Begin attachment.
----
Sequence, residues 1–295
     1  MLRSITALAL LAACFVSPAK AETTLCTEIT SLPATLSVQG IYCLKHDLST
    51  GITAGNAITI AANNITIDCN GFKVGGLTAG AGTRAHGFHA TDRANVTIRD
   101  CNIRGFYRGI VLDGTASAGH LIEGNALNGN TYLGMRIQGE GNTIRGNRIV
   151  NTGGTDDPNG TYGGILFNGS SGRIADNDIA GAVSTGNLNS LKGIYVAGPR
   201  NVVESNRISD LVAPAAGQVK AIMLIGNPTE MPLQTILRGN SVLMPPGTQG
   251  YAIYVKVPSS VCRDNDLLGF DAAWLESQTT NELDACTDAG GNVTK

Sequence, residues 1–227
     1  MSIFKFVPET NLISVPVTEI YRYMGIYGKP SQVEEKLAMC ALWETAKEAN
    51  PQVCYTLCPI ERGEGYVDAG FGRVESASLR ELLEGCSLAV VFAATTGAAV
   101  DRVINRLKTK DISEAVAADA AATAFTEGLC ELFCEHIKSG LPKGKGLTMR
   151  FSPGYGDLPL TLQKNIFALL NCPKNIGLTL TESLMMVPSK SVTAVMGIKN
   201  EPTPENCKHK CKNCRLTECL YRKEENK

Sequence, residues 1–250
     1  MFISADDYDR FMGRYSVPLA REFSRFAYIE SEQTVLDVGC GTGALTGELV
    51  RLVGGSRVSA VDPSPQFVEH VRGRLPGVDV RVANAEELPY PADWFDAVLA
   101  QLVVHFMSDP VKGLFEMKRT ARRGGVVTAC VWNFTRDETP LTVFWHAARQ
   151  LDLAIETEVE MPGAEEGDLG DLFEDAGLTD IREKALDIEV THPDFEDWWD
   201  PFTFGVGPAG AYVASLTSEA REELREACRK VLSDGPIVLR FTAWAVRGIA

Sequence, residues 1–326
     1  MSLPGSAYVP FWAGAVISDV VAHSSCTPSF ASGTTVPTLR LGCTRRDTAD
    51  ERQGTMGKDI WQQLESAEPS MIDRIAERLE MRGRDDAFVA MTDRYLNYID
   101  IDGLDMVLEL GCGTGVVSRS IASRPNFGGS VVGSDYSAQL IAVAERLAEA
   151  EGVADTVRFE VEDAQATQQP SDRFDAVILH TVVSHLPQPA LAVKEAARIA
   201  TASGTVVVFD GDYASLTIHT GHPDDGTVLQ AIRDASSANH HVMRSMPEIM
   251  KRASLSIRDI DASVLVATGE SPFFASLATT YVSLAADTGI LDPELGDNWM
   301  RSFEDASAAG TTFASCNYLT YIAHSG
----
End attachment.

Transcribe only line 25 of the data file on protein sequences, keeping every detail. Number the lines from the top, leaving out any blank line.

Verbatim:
   201  TASGTVVVFD GDYASLTIHT GHPDDGTVLQ AIRDASSANH HVMRSMPEIM